Nida Bohunr | May 16 2021
Knowing how to run your business is one thing. But knowing whether your business is actually making you money is a completely different topic. Business owners are usually so encumbered in the weed of things and trying to make it through each day that they don’t take the time to oversee their operations from a distance and answer important questions like: whether their business is performing to its highest capacity, whether they should hire extra staff or not, or whether they are getting the proper return from the investments they’re making. To answer these questions and introduce scalability in an organization, outsourced CFO services are sought out.
A Chief Financial Officer (CFO) is responsible for evaluating the financial metrics that drive the success of a business. They act as a sort-of advisor on what matters the most to your business and provide valuable strategies to increase scalability and efficiency in your operations. They also assist your accounting team in keeping your books up-to-date and ensuring you are accurately meeting your tax liabilities.
If your business does not have a Chief Financial Officer (CFO), don’t worry – you aren’t alone. Most small businesses do not have in-house CFOs, and it’s something of a rarity even in medium-sized businesses. However, the work of a CFO and its effect on a business’s revenue cannot be understated. It’s crucial for the financial well-being of a company because a CFO is responsible for supervising all its financial operations. But if CFOs are so influential, why don’t most small and medium scale businesses hire them?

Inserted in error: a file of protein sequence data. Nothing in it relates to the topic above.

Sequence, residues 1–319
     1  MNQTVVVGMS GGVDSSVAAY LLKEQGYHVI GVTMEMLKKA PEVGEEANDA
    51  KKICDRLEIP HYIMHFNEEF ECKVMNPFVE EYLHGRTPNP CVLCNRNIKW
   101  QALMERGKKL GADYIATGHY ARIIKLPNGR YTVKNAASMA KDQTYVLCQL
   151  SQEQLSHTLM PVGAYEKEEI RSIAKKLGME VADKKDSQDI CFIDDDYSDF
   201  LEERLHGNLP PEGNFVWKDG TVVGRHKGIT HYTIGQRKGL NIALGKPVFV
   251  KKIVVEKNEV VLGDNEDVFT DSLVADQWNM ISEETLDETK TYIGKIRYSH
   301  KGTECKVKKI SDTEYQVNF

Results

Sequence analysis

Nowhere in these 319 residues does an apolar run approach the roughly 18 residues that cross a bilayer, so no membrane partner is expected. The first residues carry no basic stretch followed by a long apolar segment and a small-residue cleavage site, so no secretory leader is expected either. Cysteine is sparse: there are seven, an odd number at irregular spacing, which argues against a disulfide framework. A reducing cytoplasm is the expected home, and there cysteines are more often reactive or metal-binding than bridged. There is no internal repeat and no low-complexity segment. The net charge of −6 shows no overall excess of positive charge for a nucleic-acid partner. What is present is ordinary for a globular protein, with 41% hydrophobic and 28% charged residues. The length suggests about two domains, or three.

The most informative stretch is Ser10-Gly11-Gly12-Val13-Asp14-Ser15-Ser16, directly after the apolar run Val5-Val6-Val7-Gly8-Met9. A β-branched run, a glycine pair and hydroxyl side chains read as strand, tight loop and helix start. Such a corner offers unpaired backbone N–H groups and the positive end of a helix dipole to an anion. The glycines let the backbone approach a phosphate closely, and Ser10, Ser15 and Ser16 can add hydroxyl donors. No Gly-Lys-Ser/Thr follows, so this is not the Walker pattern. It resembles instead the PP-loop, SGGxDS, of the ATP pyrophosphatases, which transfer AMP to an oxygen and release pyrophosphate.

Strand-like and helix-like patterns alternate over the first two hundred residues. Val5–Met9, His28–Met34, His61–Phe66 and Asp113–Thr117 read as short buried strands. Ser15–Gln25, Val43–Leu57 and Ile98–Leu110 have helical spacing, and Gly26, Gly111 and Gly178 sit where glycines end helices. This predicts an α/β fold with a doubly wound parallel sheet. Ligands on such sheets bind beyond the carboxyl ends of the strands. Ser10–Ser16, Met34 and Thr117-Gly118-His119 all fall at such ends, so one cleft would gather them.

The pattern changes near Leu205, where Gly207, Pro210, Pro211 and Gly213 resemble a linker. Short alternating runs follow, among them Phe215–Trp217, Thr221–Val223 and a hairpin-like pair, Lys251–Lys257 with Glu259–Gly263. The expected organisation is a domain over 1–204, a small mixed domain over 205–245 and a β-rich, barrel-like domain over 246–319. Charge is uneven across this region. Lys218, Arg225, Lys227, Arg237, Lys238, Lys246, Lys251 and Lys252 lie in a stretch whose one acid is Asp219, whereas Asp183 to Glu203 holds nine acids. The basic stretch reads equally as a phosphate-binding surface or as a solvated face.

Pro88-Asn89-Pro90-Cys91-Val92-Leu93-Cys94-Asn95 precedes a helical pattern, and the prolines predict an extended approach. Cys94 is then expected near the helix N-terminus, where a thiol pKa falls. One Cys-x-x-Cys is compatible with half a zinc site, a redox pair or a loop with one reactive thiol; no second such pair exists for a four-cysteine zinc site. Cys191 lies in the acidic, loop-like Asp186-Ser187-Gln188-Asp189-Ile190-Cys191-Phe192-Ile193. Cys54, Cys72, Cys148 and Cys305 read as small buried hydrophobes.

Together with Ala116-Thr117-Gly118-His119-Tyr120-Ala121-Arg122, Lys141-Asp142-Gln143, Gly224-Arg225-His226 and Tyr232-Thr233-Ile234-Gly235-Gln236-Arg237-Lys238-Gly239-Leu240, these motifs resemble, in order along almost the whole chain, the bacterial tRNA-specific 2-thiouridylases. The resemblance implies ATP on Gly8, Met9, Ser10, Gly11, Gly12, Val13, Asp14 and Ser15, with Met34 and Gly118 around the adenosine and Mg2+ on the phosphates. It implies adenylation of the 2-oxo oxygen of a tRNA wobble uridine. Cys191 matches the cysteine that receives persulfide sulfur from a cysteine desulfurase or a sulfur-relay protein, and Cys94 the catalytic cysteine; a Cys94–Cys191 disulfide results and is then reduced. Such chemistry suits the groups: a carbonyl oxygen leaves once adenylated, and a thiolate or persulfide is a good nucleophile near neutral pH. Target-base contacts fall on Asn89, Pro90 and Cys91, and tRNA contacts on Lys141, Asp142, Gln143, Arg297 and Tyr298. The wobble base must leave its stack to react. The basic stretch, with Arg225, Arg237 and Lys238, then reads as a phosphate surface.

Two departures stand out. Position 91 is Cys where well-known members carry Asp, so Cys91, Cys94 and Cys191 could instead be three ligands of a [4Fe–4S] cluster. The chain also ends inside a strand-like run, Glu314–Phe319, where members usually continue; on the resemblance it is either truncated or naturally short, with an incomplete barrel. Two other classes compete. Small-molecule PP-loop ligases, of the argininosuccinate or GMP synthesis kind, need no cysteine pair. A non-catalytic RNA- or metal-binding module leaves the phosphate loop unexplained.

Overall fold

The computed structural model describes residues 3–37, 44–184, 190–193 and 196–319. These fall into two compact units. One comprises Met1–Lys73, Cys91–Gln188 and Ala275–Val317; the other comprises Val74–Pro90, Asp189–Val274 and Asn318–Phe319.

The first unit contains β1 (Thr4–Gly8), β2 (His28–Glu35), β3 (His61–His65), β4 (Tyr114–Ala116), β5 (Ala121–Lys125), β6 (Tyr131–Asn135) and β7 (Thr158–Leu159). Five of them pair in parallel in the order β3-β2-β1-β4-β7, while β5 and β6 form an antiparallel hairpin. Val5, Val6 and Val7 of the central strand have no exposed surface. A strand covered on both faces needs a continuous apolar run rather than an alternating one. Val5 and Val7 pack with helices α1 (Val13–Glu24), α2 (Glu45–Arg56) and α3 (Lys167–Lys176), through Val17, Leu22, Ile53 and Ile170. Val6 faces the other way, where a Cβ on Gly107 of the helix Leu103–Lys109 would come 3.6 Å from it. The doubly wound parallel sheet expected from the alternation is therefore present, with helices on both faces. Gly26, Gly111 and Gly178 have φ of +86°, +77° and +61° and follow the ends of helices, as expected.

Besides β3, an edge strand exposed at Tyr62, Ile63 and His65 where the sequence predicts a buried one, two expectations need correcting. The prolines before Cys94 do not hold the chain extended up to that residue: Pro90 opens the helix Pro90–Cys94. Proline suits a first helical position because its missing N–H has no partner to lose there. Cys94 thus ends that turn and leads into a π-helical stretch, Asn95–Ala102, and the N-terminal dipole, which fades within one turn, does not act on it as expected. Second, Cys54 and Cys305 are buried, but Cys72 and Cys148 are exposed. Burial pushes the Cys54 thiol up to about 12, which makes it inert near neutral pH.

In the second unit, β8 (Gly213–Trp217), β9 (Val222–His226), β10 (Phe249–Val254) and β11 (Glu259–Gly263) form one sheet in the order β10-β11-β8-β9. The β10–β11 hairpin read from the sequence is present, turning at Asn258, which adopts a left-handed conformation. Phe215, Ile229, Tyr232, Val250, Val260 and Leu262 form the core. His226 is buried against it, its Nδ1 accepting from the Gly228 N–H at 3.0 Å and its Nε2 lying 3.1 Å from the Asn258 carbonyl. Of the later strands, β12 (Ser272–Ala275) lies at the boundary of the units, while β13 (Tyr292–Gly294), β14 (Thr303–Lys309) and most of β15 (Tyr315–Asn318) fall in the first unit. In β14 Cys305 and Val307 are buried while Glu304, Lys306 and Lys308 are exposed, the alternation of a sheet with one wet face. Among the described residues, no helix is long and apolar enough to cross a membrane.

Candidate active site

The problem with In-House CFOs lies with the money required to hire a full-time CFO, which is often expensive for businesses that are yet to become big. A full-time CFO can cost you up to $300,000 yearly, and for startups that are very constricted on their budget, it’s a challenging investment to make. So, if you’re a business owner reading this, what do you do? Do you continue without a CFO, or do you outsource CFO services? In this post, we’re going to tell you why it’s in the best interests of your business to go down the outsourcing route. So, read on!
CFO firms have thoroughly qualified professionals working for them, and when you outsource, you get expert advice at every turn. A CFO has six main responsibilities:
. Maintaining your budget
. Making decisions related to the capital acquisition
. Forecasting and managing cash flow
. Controlling your inventory
. Reviewing and analyzing your KPIs
. Innovating measures to control costs
When you outsource CFO services from a reputed firm such as Monily, you can rest assured knowing that all six responsibilities will be taken care of efficiently, effectively, and in strict compliance with regulatory standards. Your outsourced CFO will act as a virtual business affiliate and also aid in the procurement of ample funds from investors and lenders.